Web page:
Dr Sudesh Sivarasu is a biomedical inventor who believes in focusing research on real-life problems.
Dr Sudesh Sivarasu’s path to becoming a prolific inventor of biomedical devices has had its twists and turns.
As a child, he was mesmerised by the locomotives that thundered down the railways in his hometown near Chennai in India. He also loved to conduct experiments, especially if they included fire, which led to him almost burning down the family home more than once.
So, while it was not surprising that he elected to study engineering at an undergraduate level, his choice of business as a subject for his graduate studies was unexpected. Sivarasu was about to take up a place in a prestigious business studies programme abroad when he had a car accident that led to six months of rehabilitation and him having to give up his place in the programme.
“I didn’t know it at the time, but it was really a blessing in disguise. It led me to taking a course in biomedical engineering and specifically a class in rehabilitation engineering. The man that taught that class, Professor Lazar Mathew, became my PhD supervisor and is still my mentor today,” Sivarasu says.
Cue the second plot twist: despite having a promising academic career in India, Sivarasu then elected to come to UCT.
“Everyone thought I was mad,” he says, “My fiancée even asked me where Cape Town was, but now we have been here for years and my fiancée, who is now my wife, loves it as much as I do.”
Frugal Biodesign Process
Soon after he arrived, Sivarasu noticed two specific characteristics of biomedical technology in South Africa. The first was that almost all biomedical devices were imported, even medical consumables such as IV lines. The other was the fact that there existed a more collaborative culture among local physicians.
“In India, doctors expect to be treated as gods. Here they are willing to work with partners to solve problems,” he explains.
At the time, Sivarasu was trying to figure out why his first invention, a type of knee prosthesis, had not made it to market. He realised that up to that point he had considered the patient to be the central client in the innovation process, but that in fact it should be the clinician. The patient remained the end user, but the clinician was the one who had to buy the device or at the very least sign off on its use. According to Sivarasu, this had a revolutionary effect on the user-friendliness and effectiveness of his devices.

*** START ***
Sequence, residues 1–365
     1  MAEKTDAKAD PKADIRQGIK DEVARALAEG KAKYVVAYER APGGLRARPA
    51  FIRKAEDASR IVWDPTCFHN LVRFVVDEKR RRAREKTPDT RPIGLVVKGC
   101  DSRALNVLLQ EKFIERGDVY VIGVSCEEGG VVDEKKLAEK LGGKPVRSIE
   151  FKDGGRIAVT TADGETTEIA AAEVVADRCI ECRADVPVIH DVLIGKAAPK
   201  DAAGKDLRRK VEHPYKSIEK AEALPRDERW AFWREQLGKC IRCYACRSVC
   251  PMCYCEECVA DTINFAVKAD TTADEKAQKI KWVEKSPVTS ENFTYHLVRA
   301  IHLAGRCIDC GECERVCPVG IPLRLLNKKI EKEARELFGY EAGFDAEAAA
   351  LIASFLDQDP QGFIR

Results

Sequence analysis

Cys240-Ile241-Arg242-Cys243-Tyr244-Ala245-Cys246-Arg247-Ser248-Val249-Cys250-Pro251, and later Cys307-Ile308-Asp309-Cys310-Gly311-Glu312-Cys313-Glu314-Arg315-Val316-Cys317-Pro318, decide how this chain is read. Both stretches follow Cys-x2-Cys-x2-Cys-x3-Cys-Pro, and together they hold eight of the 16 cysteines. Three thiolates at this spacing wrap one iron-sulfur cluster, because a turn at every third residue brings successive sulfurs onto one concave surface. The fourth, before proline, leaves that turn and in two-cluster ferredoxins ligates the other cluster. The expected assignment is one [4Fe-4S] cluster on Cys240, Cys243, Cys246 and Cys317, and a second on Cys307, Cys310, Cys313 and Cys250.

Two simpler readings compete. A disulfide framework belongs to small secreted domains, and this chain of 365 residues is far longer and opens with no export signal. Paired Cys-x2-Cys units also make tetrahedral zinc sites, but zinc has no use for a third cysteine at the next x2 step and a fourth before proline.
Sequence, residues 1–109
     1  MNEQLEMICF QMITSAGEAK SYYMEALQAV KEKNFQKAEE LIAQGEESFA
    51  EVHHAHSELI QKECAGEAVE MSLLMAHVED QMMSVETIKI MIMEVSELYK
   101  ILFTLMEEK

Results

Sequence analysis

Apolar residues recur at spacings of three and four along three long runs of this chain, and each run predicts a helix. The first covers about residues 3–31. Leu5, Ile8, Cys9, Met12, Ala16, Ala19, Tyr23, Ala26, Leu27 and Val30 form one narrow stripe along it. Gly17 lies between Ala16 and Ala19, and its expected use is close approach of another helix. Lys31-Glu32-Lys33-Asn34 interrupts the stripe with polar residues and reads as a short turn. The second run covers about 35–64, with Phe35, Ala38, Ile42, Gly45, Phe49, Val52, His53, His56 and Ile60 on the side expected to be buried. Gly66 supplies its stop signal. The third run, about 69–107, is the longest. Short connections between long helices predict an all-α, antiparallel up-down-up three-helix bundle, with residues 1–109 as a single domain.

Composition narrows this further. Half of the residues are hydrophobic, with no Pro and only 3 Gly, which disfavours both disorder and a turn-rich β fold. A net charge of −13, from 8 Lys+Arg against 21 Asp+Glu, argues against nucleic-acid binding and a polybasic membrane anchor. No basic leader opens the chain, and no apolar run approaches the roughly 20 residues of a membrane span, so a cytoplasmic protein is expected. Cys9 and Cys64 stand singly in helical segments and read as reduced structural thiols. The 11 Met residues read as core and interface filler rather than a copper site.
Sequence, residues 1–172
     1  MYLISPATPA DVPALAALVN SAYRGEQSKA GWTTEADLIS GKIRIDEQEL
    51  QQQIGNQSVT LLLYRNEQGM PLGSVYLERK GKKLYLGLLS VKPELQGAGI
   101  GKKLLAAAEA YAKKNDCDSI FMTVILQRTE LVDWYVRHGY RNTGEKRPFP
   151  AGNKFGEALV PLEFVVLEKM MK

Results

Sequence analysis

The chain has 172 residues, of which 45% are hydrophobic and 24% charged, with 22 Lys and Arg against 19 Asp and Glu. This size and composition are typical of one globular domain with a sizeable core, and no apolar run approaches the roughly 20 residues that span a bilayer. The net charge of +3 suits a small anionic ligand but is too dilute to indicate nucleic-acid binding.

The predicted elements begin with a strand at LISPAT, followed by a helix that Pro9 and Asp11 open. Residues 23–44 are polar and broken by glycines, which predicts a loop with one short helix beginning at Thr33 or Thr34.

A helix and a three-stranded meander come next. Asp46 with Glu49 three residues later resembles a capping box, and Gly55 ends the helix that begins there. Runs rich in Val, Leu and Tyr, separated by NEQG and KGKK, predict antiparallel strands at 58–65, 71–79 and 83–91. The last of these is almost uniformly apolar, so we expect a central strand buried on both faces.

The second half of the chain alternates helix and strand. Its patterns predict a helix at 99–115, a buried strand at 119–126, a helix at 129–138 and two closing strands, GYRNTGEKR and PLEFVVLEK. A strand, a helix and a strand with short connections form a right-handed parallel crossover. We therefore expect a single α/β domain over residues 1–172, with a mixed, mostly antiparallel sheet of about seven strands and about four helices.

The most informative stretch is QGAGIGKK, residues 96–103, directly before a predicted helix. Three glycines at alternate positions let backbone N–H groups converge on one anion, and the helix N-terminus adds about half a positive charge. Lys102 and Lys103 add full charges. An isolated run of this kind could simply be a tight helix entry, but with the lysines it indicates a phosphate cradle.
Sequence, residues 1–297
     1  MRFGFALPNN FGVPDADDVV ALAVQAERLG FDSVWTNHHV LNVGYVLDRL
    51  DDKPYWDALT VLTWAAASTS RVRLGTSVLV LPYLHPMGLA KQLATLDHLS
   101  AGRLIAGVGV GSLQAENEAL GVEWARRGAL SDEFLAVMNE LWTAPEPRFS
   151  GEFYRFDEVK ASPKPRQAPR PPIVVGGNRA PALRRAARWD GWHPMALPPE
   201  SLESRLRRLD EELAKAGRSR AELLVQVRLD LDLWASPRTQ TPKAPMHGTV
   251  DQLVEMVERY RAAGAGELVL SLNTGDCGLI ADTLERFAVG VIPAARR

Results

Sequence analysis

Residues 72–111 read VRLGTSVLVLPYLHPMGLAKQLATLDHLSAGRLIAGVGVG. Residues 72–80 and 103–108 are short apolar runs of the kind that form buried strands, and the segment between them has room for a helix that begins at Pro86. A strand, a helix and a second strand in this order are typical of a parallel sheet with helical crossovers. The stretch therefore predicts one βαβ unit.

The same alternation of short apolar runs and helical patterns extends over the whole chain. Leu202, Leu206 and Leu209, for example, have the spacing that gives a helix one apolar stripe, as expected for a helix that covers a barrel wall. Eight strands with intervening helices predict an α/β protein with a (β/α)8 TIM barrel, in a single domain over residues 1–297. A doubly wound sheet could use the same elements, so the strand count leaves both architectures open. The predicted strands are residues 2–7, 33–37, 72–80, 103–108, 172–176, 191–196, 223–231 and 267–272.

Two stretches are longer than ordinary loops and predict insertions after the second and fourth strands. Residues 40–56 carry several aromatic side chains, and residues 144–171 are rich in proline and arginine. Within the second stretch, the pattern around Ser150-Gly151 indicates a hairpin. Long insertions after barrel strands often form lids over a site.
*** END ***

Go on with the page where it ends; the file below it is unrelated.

“As an engineer I want to make things,
especially things that work
and have real-world applications.”
Based on this concept, Sivarasu also designed what he affectionately calls his Frugal Biodesign Process. This model starts with consulting with the end user to define a hierarchy of needs that a device must answer to, followed by stages of conceptualisation, intellectual property (IP) roll out and commercialisation. As a senior lecturer it is a model that he has used with great success with his biomedical engineering students, and with his own projects.
In the five years since he arrived at UCT, Sivarasu has invented numerous devices with applications covering everything from stroke rehabilitation and asthma therapy to childhood medicine and knee-joint surgery. Sivarasu has received a number of national and international awards for these devices.
“UCT has great support services to researchers,” Sivarasu says, “but still a limited range of spin-off companies.”
Sivarasu believes that this is due to a lack of attention towards product-related research.
“As an academic, I am expected to publish high impact papers, but as an engineer I want to make things, especially things that work and have real-world applications. I think we must move towards translatable research. There is a lot of emphasis on publication-driven research and citations, but I believe that we can make a difference in the world we live in only if we start thinking outside the regular boundaries of academia and start focusing on real-life problems, which are real-time opportunities to serve people.”